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Hearts & Hands Clinic celebrates leap of faith
New location to open June 12
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Jessie Burns, one of Hearts & Hands' first patients, offered a compelling testimony about the services she received from the clinic. - photo by JEREMY WILBURN/special

    The Hearts & Hands Clinic will make its move to a larger, more advanced facility next week.
    To celebrate, the nonprofit clinic held a fundraising gala Saturday evening in the Southern Ballroom at Georgia Southern University’s Nessmith-Lane Conference Center.
    Calling the move a “leap of faith,” Andres Montes, the founder and CEO of Hearts & Hands, challenged the community to continue its support to provide a safety net for people in need.
    “Here in Bulloch County, we show that success comes from citizen helping citizen, from neighbor assisting neighbor and from a stranger lending a helping hand and a heart to another stranger,” said Montes, 24.
    Hearts & Hands will skip its usual Tuesday evening clinic time today to make the move from its Son’s Light Fellowship Baptist Church on U.S. Highway 301 South to a leased facility at 127 N. College St. The new clinic is slated to open for appointments on June 12, Executive Director Alvie Coes III said.
    More than double the size of the former clinic area at the church, the new facility includes five exam rooms — instead of the previous two — and a dental chair. Hearts & Hands already provided dental care and eye care, as well as medical care, but previously the dental work had to be done by dentists volunteering their time in their own offices.
    Montes had no specific announcement Saturday. But in an interview, he said that clinic personnel hope to expand services after about a month in the new location.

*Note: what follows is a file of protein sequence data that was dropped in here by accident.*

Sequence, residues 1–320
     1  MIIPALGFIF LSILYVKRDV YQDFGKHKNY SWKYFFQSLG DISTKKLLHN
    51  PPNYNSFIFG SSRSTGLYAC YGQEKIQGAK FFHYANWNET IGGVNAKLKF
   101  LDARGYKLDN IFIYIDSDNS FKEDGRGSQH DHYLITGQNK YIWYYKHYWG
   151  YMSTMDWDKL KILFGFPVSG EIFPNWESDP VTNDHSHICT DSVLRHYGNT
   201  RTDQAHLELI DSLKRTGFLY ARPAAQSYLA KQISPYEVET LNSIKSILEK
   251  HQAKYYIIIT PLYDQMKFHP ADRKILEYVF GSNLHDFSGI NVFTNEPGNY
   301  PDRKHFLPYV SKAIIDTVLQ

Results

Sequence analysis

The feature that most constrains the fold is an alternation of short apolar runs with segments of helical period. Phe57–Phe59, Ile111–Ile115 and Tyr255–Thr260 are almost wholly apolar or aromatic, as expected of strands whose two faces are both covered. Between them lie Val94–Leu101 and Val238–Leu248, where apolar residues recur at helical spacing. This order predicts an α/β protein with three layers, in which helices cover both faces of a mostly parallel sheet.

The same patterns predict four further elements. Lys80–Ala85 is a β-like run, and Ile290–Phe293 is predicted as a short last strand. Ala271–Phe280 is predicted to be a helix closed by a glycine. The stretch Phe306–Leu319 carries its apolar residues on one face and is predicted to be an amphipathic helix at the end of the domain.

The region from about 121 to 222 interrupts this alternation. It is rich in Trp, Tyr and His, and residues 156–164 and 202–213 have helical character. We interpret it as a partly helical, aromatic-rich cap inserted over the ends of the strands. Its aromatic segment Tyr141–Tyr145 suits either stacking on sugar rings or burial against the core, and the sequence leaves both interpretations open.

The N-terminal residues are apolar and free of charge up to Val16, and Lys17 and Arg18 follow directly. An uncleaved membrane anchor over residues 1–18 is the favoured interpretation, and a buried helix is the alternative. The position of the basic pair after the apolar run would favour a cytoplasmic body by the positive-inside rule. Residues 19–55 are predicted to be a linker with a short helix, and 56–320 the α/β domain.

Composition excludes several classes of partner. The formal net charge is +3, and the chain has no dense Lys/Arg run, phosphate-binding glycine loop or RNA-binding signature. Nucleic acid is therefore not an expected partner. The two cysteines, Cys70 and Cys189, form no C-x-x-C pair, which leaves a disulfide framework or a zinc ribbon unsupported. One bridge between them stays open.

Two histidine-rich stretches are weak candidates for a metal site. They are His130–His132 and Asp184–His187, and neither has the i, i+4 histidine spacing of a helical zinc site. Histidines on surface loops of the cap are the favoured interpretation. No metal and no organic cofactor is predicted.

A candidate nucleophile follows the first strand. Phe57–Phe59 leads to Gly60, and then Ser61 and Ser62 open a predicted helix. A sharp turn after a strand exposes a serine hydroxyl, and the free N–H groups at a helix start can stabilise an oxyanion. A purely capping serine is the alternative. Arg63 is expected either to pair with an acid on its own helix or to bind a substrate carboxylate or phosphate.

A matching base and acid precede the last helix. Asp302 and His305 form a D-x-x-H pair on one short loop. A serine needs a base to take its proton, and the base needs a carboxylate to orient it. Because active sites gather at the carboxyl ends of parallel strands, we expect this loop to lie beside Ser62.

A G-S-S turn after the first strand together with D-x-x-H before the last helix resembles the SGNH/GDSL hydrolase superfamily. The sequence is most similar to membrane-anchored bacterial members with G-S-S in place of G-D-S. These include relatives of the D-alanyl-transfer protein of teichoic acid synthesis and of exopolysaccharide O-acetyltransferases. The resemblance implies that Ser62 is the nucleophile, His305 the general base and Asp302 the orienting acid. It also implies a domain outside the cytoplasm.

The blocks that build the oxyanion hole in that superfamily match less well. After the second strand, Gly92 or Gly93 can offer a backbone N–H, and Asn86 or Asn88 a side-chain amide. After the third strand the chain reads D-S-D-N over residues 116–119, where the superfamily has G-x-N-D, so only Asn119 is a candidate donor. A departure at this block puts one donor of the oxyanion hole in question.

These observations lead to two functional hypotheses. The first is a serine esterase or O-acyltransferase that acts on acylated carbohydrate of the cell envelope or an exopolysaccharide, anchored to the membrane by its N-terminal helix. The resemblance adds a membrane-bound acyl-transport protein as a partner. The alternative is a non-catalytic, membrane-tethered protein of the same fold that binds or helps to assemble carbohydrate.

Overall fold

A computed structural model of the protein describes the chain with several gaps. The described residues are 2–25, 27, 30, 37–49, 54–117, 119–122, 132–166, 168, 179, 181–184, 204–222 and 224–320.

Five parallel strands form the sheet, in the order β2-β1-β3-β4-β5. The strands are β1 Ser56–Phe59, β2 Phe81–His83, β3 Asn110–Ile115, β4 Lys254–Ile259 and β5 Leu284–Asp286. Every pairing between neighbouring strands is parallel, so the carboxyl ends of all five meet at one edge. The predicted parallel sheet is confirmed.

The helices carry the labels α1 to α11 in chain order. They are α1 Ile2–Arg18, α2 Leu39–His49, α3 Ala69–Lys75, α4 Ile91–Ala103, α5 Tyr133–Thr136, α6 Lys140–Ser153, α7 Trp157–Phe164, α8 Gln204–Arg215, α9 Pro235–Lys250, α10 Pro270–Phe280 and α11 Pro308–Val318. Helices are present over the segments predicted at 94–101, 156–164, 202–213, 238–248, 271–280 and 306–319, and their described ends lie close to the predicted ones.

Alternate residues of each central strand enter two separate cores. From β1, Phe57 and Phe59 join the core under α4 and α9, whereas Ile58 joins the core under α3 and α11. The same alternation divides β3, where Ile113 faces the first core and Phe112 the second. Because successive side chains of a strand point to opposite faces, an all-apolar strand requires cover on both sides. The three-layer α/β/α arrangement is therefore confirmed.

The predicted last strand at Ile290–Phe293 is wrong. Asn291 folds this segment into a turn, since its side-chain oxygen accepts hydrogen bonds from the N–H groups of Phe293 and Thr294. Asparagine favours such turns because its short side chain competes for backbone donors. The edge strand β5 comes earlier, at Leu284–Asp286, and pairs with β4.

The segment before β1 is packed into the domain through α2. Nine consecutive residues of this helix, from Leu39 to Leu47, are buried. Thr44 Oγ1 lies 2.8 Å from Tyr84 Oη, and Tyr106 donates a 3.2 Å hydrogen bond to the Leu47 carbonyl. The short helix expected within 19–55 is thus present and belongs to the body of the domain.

“One of the big things for we’re hoping for, especially in the new facility, is the ability to be open more days, and too, involving more nurse practitioners to actually see patients during the daytime instead of only at night, and therefore seeing more patients,” he said.
    The move means greater financial responsibilities, he acknowledged, but he added that Hearts & Hands may be able to qualify for more grants, particularly to pay nurse practitioners.
    When Jessie Burns first heard that the clinic was opening in fall 2010, her husband had been laid off from his longtime job. Medical insurance available through her own job, she said, was very expensive because the group is so small. She works as a house parent at Joseph’s Home for Boys.
    Burns knew she had high blood pressure but hadn’t taken her medication in at least six months. She had been unable to afford a doctor’s visit for a prescription, she said, and had been turned down by other clinics.
    When Hearts & Hands accepted Burns among its first patients, she signed up for all three available services — medical, dental and vision. At the clinic, she was diagnosed with Type 2 diabetes, got a new prescription for her hypertension and was referred to a nutritionist for diet advice.